There a number of well-documented instances of people who, after a health crisis, have found a new way of being. Take Angela Liddon whose ‘Oh She Glows’ blog led to an international best-selling vegan cookbook of the same name. Likewise, ‘Deliciously Ella’ and ‘Eat, Nourish, Glow’ (and their follow-on publications) were a response to personal crises. Out of a bleak situation came good.

So, what parallels can be seen in minimalism?

Courtney Carver of is an amazing example for how she discovered a life of simplicity, following a diagnosis of MS 10 years ago. Her determination to turn her life around has taken her on an amazing journey that is a true inspiration to others.

Others such as Leo Babauta have found meaning and contentment in taking a path of simplicity, removong things in his life (e.g. smoking, overweight) that were preventing him from being his ‘best self’.

A switch to simplicity may seem inconsequential, but if you think about it, there has to be an upside – in this example – to a teetotal approach:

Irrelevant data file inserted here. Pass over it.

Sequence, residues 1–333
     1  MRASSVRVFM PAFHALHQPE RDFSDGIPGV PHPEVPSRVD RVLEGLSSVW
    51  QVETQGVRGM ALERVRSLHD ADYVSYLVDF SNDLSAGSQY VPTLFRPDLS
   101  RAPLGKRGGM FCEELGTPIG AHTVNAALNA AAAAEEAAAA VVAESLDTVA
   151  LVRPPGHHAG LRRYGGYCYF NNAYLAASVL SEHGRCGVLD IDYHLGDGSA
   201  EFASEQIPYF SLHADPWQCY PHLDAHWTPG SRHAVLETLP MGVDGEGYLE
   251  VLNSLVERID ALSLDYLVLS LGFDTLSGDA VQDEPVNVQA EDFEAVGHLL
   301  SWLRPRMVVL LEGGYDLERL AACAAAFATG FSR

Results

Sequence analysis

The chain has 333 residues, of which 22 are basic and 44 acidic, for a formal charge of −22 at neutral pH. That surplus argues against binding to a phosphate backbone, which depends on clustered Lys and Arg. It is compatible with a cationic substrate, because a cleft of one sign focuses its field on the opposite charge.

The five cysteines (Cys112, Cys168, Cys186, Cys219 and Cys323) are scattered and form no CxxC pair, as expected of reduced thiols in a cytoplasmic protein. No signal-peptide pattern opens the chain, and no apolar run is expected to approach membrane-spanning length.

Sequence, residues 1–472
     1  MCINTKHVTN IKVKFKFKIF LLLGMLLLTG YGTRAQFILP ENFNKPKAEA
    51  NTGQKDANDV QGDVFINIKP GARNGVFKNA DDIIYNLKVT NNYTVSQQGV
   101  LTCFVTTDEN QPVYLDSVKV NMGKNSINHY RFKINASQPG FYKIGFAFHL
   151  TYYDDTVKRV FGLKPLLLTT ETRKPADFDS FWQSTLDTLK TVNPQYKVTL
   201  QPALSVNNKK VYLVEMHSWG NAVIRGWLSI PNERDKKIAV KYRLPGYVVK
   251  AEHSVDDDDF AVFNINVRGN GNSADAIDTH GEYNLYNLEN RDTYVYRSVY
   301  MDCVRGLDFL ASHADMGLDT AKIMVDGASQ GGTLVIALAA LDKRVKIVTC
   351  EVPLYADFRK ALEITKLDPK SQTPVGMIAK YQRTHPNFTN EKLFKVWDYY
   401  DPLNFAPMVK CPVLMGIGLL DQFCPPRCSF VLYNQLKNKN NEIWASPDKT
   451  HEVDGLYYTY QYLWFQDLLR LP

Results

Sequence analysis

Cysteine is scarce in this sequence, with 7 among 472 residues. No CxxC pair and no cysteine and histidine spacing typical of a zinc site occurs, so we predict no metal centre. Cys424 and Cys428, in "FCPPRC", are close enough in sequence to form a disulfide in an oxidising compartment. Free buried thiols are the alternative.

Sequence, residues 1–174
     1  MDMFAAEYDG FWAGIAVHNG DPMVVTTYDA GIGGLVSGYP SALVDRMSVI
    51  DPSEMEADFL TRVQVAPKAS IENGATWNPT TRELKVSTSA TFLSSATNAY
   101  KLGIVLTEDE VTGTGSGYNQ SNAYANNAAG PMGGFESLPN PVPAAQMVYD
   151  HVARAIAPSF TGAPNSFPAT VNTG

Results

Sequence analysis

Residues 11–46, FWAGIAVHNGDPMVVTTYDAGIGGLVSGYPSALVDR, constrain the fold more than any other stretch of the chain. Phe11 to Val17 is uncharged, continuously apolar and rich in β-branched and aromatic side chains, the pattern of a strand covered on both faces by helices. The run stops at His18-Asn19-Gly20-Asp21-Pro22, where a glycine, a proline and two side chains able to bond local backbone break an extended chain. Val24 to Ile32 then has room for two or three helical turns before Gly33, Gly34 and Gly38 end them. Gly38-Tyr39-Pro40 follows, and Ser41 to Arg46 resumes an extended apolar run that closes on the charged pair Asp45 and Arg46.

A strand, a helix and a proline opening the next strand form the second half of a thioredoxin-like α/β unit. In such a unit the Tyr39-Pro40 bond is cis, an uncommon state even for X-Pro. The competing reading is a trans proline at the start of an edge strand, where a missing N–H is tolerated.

• Save money on shop-bought beverages. Tap water is freely available and you can carry it with you, to avoid purchasing bottled water, which does not represent value for money.
  • Carry a herbal tea-bag to which you just have to add hot water; a simple and effective way to enjoy a warm drink but without the caffeine
  • Never worry about who’s going to drive, after an evening out. You’ll always be able to leave when you want, at a time to suit you, and in the comfort and safety of your own vehicle
  • Sleep better. There’s no doubt that a double espresso will not promote a good night’s sleep; a herbal infusion or warm milk will do a better job
  • Be fully hydrated, promoting better health and wellbeing

It’s a simple approach; it’s straightforward and it’s mine to embrace. 100% commitment is the only way.

Out of this minor crisis can only come good.

How can *you* turn turn a downside on its head and find – in the solution – the benefits that accompany simplicity?